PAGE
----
Beliefs About Use of Complementary Health Approaches for Parkinson's Disease

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Abstract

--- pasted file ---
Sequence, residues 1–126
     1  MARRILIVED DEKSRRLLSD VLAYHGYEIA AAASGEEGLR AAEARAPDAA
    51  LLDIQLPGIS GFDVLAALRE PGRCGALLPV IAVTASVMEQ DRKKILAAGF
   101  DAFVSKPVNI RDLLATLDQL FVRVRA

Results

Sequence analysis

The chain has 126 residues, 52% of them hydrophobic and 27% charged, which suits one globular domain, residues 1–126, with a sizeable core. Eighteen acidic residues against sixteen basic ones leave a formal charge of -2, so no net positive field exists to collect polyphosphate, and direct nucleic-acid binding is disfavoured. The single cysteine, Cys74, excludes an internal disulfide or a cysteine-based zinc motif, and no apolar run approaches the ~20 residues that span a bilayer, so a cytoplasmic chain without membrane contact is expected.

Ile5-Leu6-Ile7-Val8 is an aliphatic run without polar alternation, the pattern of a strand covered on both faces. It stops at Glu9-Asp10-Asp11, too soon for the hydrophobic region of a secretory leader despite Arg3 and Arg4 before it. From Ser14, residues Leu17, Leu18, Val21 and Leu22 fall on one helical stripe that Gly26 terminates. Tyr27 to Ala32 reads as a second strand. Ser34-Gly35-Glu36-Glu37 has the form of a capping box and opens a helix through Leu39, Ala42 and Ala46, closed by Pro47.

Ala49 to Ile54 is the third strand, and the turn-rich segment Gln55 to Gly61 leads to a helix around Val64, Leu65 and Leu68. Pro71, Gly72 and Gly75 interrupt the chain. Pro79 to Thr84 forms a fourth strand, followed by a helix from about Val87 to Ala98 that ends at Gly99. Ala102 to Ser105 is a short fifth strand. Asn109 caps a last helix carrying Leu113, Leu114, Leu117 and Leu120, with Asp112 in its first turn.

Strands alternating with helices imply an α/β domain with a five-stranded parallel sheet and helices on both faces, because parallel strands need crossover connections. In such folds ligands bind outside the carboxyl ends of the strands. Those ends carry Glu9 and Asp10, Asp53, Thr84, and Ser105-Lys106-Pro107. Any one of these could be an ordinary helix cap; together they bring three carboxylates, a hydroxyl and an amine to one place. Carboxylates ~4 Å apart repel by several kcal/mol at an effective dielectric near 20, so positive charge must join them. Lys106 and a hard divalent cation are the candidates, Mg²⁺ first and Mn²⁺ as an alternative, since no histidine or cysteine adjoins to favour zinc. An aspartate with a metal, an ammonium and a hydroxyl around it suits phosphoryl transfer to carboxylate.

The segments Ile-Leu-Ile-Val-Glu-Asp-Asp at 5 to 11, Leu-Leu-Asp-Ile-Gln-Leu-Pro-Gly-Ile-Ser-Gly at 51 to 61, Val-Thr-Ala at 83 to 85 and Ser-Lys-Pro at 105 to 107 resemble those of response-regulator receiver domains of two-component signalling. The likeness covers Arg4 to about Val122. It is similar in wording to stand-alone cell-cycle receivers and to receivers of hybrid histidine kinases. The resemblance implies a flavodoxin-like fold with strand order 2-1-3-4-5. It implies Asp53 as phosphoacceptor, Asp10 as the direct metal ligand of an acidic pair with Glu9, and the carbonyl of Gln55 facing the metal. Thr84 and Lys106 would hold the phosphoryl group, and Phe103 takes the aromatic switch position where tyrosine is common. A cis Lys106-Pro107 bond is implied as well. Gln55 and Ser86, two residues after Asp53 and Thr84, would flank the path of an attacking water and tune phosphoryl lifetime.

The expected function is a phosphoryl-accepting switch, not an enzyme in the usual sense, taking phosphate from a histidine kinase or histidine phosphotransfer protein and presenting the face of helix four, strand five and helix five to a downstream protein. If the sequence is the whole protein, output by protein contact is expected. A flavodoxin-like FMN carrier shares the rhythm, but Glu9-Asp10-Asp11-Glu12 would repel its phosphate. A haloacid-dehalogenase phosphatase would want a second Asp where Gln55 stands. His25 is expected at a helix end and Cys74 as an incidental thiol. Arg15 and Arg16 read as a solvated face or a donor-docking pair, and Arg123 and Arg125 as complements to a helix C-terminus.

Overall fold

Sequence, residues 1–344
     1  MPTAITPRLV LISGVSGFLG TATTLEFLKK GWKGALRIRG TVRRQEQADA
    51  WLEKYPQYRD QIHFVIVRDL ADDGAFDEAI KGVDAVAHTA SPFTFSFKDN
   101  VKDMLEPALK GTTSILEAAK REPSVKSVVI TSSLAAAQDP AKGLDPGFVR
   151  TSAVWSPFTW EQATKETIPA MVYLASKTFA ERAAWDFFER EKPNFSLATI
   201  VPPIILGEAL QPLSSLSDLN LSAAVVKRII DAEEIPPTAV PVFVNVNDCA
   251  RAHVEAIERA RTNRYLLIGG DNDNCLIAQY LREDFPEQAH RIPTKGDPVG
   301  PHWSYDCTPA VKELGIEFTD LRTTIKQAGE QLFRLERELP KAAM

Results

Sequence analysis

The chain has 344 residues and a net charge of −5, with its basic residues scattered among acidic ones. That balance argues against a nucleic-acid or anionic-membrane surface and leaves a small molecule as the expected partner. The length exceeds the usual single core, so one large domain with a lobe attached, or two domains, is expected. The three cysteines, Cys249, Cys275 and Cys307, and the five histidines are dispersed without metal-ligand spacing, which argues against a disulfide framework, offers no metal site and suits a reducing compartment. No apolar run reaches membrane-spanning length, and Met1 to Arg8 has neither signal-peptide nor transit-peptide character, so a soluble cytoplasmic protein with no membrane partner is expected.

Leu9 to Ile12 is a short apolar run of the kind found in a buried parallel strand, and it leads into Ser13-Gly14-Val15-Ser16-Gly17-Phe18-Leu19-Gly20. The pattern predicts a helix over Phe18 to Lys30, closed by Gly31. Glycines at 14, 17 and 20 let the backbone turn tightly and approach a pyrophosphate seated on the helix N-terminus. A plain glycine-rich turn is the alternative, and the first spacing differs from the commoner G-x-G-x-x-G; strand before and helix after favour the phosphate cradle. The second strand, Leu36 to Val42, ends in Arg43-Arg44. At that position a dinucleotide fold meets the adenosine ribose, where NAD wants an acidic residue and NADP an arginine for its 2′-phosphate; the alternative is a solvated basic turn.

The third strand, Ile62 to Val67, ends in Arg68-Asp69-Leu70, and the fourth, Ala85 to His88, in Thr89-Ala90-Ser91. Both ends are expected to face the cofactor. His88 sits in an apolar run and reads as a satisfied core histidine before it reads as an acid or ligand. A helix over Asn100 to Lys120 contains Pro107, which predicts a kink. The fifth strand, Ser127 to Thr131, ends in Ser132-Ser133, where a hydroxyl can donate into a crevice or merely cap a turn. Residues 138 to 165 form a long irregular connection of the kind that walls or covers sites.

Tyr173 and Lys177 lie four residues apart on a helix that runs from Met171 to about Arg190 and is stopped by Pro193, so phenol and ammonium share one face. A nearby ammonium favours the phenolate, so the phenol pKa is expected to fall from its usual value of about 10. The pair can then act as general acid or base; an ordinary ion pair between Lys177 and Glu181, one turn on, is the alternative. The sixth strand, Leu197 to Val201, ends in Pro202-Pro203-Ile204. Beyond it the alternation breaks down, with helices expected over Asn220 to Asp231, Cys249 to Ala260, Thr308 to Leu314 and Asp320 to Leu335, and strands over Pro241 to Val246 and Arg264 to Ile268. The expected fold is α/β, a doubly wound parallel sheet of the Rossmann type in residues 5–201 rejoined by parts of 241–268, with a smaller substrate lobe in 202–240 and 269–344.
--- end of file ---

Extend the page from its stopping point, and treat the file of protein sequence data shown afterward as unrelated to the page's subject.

Parkinson's disease (PD) is the second most common neurodegenerative disorder in the United States, which requires ongoing medication therapy. Despite the high prevalence of complementary health approaches (CHA) being used among people with PD in several countries, little is known about the perceived effectiveness, safety, and risk related to use of CHA. The purpose of this study was to describe CHA users' beliefs about the effectiveness, safety, and risk of CHA. A subsample (n = 70) of participants who reported using CHA and who completed all 12 items of the section of participants' beliefs were taken from a larger study (n = 143) that described the proportion of individuals who used CHA to manage PD symptoms. Participants reported that CHAs are somewhat effective to control or manage PD symptoms and necessary for PD management. However, they disagreed on possible adverse effects of CHAs and their potential interactions with prescription medications. Participants were willing to share their CHA use with their doctors and/or nurses and had a neutral response to the costs of CHA. More scientific evidence on effectiveness and safety/risk of CHA is needed to assist individuals' informed decision about using CHA and allocation of their health care spending. Nurses and other health care professionals need to be aware of CHA users' beliefs about CHA used for PD and of the need for provision of adequate information and resources, including locating qualified CHA practitioners or databases of CHA.

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